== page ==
Vol. 80, No. 2Cover stories

A group of young people position rocks and sticks on a beach to start fires.

Survival skills

Outdoor camps bridge gap between youth, police

This group of youth participated in a wilderness program on Diana Island designed to teach them survival skills and life lessons. Credit: RCMP


Some First Nation youth in British Columbia are taking advantage of outdoor programs to learn more about the land, their culture and themselves. But the camps also provide the RCMP with a chance to connect with the people and the communities they serve.

On the northwestern corner of Haida Gwaii, the Old Massett First Nation has for years organized the Rediscovery Camp, which teaches survival skills — such as building shelters, making fires, foraging and cooking — to adolescents.

Donavan Hunter, a member of the Haida Nation, attended the camp as a 12-year-old and is now a leader. He says giving First Nation youth the chance to spend time in the wilderness helps connect them to their history. And, he says, spending time around the Fire Circle gives campers a place to discuss their concerns.

Holding a feather at the fire means a camper could speak.

"At first some of the kids are quiet. But gradually they'd open up and by the third night you'd have to take it away from them," jokes the 21-year old Hunter, who works as an educational assistant in Massett.

Making connections

The goal is to instil pride in the participants while encouraging them to learn more about their Indigenous heritage. As well, it's meant to steer at-risk youth towards good decision-making while linking First Nations youth and police.

The RCMP's role is to support the camp leaders.

Cpl. Jonathan Spooner has attended the camps and says they provided him with insight into indigenous culture.

"For me it was important to gain an understanding and to hear about their culture and story," says Spooner, who adds discrimination and relationships with police were discussed.

It was also apparent to Spooner that some campers didn't have positive attitudes towards him. He says during the 2016 camp, one of the teens "was quite against police" and that was especially evident when he was in uniform.

"I would notice a difference between when they saw me in regular civilian clothes and there was a bit of anxiety when I put on my uniform," says Spooner, who noted that apprehension abated as the camp went on. "It was just a matter of him seeing me and hearing my story as a police officer but also seeing me as a family man and a father."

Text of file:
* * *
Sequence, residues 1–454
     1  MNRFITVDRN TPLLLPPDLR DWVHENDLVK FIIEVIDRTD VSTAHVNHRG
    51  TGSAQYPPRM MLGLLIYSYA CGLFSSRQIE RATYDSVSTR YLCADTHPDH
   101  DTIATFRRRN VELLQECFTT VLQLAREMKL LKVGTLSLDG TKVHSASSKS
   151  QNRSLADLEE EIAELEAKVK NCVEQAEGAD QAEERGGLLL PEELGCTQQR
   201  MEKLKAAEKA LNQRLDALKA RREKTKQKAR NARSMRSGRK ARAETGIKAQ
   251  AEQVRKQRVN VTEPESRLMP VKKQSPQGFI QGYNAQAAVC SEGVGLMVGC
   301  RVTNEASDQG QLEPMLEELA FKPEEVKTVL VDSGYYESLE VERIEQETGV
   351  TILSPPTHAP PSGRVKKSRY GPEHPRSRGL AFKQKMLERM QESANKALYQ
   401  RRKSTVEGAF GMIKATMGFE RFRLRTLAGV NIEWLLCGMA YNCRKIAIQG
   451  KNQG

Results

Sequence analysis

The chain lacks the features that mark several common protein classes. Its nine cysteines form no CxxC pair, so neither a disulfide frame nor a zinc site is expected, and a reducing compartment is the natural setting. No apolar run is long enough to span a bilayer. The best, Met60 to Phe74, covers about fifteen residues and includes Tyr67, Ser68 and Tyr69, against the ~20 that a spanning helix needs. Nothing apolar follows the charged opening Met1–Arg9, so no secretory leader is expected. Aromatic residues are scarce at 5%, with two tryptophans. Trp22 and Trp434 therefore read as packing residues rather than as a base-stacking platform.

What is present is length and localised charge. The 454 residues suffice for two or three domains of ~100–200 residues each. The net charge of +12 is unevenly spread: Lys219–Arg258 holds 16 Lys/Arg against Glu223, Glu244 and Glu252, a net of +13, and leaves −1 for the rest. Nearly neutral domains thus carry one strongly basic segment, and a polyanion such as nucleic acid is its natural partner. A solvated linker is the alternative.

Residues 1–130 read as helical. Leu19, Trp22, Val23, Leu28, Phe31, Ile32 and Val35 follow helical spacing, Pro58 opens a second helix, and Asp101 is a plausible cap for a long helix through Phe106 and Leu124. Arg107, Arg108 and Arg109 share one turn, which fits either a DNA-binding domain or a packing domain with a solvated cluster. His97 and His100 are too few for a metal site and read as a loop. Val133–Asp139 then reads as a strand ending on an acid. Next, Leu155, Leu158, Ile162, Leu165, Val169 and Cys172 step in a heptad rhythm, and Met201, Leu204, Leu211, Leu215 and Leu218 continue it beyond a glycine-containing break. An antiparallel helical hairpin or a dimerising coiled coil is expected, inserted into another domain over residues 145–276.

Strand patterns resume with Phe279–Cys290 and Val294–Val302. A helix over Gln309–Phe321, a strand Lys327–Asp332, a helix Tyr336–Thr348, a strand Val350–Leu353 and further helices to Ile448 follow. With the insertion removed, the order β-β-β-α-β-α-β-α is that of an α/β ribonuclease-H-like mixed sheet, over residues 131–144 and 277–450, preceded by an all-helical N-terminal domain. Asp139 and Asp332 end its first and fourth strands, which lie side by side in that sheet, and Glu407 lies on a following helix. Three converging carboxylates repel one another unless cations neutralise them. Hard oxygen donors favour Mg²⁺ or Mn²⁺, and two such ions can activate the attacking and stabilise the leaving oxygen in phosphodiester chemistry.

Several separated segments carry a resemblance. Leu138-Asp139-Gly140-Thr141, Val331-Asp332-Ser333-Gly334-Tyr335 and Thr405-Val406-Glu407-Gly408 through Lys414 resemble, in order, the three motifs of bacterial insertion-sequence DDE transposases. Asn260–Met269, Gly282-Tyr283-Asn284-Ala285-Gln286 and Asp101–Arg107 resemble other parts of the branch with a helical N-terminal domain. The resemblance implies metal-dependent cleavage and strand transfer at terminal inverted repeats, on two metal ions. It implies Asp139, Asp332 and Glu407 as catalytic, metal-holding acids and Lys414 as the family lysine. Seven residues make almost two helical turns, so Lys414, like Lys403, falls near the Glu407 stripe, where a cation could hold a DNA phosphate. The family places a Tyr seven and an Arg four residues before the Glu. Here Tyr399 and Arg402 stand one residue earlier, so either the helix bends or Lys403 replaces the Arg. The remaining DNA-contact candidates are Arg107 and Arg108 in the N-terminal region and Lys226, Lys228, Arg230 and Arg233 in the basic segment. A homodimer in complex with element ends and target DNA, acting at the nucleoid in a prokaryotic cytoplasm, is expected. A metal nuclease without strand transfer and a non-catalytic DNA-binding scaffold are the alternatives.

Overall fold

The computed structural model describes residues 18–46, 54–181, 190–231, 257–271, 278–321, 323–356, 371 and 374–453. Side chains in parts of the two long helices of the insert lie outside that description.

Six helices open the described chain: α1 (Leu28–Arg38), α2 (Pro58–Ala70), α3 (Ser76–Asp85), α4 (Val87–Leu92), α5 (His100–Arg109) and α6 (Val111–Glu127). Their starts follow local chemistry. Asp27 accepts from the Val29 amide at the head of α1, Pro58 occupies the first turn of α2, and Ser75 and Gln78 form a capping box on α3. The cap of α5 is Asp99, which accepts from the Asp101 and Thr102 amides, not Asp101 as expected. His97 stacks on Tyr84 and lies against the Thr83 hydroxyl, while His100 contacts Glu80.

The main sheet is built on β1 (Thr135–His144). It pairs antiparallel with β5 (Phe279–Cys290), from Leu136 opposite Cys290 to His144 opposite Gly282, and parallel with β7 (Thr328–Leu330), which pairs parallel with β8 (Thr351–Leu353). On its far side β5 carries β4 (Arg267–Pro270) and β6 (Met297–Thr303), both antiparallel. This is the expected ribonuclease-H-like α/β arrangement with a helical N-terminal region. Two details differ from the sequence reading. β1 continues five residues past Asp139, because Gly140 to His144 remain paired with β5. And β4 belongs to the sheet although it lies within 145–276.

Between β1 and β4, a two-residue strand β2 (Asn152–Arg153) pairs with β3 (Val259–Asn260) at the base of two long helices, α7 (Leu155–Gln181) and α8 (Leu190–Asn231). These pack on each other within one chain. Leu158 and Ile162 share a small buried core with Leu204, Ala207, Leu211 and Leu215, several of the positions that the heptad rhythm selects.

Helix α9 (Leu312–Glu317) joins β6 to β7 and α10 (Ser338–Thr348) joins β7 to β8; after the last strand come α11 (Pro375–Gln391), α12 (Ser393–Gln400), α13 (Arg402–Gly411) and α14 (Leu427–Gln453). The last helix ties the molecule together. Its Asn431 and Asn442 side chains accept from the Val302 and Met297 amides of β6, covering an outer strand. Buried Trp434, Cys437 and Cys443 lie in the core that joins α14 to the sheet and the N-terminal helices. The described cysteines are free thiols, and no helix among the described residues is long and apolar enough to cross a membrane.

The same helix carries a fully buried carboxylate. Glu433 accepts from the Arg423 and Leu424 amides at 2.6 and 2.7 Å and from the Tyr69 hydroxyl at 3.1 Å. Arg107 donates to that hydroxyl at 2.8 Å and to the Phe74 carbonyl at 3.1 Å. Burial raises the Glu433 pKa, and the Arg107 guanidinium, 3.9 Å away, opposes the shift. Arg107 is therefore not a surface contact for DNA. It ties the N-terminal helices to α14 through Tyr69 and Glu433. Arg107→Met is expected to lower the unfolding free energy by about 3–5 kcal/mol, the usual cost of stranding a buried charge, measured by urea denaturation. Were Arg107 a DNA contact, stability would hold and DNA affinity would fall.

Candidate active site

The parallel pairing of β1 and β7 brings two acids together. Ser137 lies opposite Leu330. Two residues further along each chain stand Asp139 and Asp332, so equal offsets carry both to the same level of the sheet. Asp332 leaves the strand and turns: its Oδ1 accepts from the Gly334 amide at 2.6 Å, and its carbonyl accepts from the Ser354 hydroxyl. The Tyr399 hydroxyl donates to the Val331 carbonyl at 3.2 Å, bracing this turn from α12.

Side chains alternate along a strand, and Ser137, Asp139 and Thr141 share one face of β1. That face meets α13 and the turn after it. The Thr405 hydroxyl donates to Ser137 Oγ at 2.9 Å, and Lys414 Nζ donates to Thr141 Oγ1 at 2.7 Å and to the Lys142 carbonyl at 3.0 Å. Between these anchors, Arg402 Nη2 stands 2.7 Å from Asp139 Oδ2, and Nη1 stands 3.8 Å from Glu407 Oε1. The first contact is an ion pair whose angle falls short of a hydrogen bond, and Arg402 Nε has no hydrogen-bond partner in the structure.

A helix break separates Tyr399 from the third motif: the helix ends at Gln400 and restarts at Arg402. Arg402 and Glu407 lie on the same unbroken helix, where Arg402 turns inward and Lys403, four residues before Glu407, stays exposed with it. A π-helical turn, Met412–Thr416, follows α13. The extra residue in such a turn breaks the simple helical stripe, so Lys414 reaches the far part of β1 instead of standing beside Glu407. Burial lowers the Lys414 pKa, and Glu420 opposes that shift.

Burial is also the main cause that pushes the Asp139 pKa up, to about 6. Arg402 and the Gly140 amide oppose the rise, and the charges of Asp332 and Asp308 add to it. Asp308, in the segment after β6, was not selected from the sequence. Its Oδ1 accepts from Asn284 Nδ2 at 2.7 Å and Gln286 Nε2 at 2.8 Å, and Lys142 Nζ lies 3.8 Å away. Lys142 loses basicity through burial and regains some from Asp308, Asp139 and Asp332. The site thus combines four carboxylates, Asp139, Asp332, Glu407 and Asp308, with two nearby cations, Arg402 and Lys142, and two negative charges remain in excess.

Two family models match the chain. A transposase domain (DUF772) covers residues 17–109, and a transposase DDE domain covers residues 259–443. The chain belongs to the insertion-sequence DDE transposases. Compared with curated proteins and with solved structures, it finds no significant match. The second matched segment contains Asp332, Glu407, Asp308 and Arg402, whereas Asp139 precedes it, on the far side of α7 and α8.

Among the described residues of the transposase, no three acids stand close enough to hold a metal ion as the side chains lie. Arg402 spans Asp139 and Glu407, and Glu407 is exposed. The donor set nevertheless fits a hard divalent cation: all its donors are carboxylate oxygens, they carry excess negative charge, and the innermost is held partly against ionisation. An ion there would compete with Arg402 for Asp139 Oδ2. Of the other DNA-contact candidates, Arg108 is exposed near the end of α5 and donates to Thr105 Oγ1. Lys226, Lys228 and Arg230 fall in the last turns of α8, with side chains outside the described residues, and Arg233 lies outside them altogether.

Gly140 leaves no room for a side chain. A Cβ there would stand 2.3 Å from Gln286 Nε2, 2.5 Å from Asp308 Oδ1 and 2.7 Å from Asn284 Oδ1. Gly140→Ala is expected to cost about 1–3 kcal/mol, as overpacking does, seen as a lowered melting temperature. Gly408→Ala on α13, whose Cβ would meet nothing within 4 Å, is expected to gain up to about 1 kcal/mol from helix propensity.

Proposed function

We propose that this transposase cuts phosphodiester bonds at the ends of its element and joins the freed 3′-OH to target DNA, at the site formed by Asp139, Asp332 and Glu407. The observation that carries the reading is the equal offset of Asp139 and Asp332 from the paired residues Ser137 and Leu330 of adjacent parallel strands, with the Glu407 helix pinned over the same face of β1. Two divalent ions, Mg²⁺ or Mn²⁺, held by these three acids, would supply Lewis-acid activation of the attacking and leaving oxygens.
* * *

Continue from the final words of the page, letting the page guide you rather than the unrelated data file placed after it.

Life lessons everywhere

In Port Alberni, Cst. Pete Batt and Cpl. Jay Donahue developed a program called Survival Kids that teaches young people, including Indigenous youth, about first aid, shelter building and other outdoor skills.

It was created after Batt and Donahue determined that an anti-drug program wasn't enough for young people in the

"We have to reach further than just visiting a classroom," says Batt. "The programs we've been using assume a base level of resilience. We can build more resilience using outdoor skills."

It's his philosophy that life lessons are everywhere in today's world and outdoor survival skills are one method that young people can learn them. During some activities, participants carry in their own food — water, dried lentils and rice.

"One of the issues we see with youth in our communities, is what looks like an addiction to junk food: soda, chips and fatty foods. Twenty-four hours only eating lentils and rice re-enforces the life lesson: what we need versus what we want," says Batt.

On the overnight hikes, the young people build their own shelters, light their fires and they even dig latrines. Youth get to see how their decisions affect outcomes and, in some cases, just how lucky they have it at home.

"This program opens up lines of communication between police and community partners," says Batt. "Youth begin to understand that if people don't know that you need help, they're not going to be able to give you the help you need."

Initiatives like Rediscovery and Survival Kids let young people know that community leaders are there for them if they're ever in need.

"You're able to build relationships and when we get back to town and the campers see me, they come up to me, sometimes just to talk," says Hunter, who hopes to be involved with the camp for many years.

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